The future Miller presents does not bode well for the state of the common man. Happy's attitude toward life is a sad foreshadowing of his fate. "He [Willy] had the good dream. Its the only dream to have- to come out number one man" (Death 1425). Unwittingly, Happy will continue the cycle of domination by trying to emulate and vindicate his father. Willy's brother Ben exploits others, rather than submit to the fate of the common man. Ben is an old world imperialist. Driven by greed, he exploits the earth as well as others. "When I was seventeen I walked into the jungle, and when I was twenty one I walked out. And by God I was rich" (Death 1369). Ben's credo seems to be: you cannot save anyone but yourself. When he returns to visit Willy, he has to be informed that his mother died years earlier. Ben's strength comes from his financial state; he gains the power to exploit by becoming rich. He offers Willy a chance to share in his strength, but Willy declines.  Willy opts for the stability of his false dreams. He wants to make his million in the city. The city, however, lacks the same exploitative power taken by Ben from the world at large. There is no pioneer spirit, no jungle to tame in the city. In both places hard work can bring success, but the success and influence of city dwellers like Charley seem small when compared to the power Ben carries with him wherever he goes.  


Linda is very influential in Willy's decision to stay.   She is a source of security, strength, and support for Willy.   The results of her assistance, however, contribute to Willy's   destruction. She pins all her hope on his false dreams. Rather than deal with the possibilities of failure, she convinces herself his dreams will come true. She blinds herself to Willy's weakness and tempts him to dream. (Bliquez, p.78) "To acquiesce in all of Willy's weakness is to be a failure as a wife and a mother, and to share in the responsibility of her husband's fall" (Bliquez 78). Rather than bolstering Willy, Linda bolsters Willy's dreams. Without question, Linda loves Willy. But her love and her pride blind her.


It is possible to read Linda as a Marxist figure within the play because she understands the importance, the value, of Willy (the proletariat), even though she has an influential role in his suicide. But a more subtle critique of Linda Loman is also possible. She was once seen as a pinnacle of strength, the archetypal loving and loyal wife (reminiscent of Penelope in the Odyssey). Linda, however, is an important factor in Willy's   destruction. While performing her role as the passive and   loving wife, she reaffirms the misogynist notion of women's ancient responsibility for the fall of men (Eve, Helen of Troy). Like Willy, society is partially responsible for her blindness. Society promotes such blindness and even displays it as a trait to be admired. Linda's culpability is preceded, however, by society's. Perhaps the patriarchy present in society tries to use Linda as a scapegoat for its own failures. Because Linda is the only female character of substance in the play, much responsibility can be heaped on her (and women in general) for the tragic plight of men. It is possible that Linda, the one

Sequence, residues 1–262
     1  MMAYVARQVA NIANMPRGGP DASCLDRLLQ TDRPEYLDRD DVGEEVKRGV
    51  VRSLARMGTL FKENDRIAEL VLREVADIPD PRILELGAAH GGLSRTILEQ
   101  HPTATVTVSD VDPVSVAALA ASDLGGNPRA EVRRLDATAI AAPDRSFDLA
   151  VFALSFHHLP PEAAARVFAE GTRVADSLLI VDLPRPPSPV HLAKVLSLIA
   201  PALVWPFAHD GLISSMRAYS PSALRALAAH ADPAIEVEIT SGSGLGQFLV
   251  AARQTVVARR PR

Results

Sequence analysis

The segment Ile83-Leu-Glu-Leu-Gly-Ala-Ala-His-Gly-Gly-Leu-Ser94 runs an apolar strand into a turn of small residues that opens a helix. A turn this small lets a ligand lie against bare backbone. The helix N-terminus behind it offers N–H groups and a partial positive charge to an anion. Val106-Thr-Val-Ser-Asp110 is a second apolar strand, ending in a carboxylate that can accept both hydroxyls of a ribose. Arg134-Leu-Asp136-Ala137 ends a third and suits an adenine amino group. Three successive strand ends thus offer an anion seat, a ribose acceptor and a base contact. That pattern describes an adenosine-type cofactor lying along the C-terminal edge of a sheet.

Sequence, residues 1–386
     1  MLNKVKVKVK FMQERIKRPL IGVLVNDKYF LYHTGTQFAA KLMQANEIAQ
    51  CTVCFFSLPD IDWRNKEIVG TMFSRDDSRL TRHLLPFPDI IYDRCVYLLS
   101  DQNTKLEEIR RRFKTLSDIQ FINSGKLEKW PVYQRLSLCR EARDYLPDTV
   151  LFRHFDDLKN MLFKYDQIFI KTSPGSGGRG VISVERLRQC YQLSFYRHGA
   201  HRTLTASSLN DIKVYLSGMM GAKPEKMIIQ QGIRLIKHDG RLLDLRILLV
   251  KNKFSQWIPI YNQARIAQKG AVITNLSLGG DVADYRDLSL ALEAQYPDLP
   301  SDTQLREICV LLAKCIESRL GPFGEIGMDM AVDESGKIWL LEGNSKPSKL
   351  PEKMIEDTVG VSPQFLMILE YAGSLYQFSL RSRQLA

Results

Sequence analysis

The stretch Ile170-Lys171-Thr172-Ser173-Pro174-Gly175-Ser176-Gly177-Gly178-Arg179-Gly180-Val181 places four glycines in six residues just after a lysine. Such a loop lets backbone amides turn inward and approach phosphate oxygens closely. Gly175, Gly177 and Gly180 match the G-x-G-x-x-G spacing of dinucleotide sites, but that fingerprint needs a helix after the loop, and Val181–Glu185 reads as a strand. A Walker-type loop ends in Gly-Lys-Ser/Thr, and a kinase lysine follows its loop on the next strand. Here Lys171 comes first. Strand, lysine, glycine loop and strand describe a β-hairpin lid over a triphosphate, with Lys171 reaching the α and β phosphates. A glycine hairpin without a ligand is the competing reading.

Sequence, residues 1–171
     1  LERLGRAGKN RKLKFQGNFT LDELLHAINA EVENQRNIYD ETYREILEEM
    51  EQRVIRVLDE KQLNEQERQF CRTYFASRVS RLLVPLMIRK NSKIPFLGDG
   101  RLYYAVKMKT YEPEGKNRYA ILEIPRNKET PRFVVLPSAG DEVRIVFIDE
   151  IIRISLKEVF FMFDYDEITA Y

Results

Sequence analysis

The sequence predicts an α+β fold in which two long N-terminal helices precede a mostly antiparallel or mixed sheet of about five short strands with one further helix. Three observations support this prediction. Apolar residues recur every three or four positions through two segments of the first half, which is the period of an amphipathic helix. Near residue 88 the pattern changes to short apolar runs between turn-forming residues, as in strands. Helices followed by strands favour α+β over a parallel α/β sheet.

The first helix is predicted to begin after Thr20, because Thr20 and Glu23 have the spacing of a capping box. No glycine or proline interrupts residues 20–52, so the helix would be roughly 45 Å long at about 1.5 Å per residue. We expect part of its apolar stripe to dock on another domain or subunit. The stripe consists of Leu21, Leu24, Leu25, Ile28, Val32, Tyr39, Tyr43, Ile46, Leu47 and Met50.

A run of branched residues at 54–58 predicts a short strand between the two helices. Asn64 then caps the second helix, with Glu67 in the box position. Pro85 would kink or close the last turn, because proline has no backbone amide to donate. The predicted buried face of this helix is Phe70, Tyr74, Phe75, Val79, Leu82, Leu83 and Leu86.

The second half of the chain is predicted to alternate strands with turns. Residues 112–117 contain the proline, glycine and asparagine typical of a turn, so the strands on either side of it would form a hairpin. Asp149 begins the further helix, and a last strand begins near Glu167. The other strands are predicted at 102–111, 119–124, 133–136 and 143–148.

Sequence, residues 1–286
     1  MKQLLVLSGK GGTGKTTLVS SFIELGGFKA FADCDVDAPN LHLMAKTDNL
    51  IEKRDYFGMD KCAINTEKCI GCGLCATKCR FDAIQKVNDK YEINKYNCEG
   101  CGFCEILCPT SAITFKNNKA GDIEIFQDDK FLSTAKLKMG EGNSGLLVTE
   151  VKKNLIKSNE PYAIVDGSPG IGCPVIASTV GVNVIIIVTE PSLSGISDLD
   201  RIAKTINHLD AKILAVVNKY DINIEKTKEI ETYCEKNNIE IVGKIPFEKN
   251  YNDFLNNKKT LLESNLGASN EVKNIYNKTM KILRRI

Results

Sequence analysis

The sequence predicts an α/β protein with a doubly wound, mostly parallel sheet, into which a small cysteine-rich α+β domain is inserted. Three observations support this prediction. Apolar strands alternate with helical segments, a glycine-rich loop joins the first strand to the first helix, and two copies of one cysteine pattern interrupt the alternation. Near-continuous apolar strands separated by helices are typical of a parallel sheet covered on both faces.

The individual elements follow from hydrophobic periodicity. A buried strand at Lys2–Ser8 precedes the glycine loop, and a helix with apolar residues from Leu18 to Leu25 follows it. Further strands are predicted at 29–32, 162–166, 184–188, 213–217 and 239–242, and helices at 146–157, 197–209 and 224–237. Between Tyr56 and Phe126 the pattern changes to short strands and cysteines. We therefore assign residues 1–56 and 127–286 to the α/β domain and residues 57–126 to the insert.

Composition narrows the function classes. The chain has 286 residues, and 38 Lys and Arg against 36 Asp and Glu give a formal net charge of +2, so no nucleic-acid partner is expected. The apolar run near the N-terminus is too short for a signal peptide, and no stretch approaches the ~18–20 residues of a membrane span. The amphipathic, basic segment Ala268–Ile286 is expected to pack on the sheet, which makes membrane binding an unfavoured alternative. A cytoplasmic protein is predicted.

time heroine and seeming tower of strength, may actually be admired for her ability to exempt men from responsibility for their own actions (Bliquez 78).       


Biff's self discovery late in the play demonstrates a different way to struggle against this bleak world view. A spark of self-awareness can be seen in Biff, the wanderer returned home. By the conclusion of the play this spark has blossomed into self-realization. Biff begins to assign higher meaning to his life, meaning beyond financial standards. He gains a sense of self worth, while also understanding his limitations in the workaday world all too well, unlike his father. "Pop! I'm a dime a dozen and so are you" (Death 1421). There is hope that through this process of self-realization, Biff can avoid meeting Willy's fate.


"Death of a Salesman" is historical in that the types of characters and language they use are products of a certain day and age. Its ideological significance, however, can transcend its place in history. From a Marxist perspective, the play is a broad based attack of industrial society as a whole. As John Hagopian states, "...the play does specifically isolate the capitalistic form of society as its target" (42). The true tragedy of this play is not so much embodied in the lifeblood of Willy Loman as it is in the insidious world which fosters whole generations of lost souls like Willy. The modern world should accept at least partial responsibility for those like Willy who lead pathetic lives and suffer senseless deaths.   


This would normally be the conclusion of a Marxist reading of "Death of a Salesman": that it is a powerful indictment of industrial capitalism as a whole with Willy Loman (low man) representing the tragic fate that awaits us all.



"So long as modern man conceives himself as valuable only because he fits into some niche in the machine-tending pattern, he will never know anything more than a pathetic doom." (Miller, p.60)  



It is easy, however, to fall into the trap of assigning simple ideological influence to literature. The play should not be simplified or vulgarized in such a manner. To do so is to lose sight of the poignant realism of the play in favor of a specific ideological agenda.



"...'vulgar Marxist' criticism, which tends to see literary works merely as reflections of dominant ideologies" (Eagleton 17).



Indeed, most Marxist critics are vulgar Marxists. Eagleton suggests that a subtle more scathing critique can be achieved through Marxism. This second critique undermines the first obvious attack, and eventually calls into question the validity of Marxist criticism itself.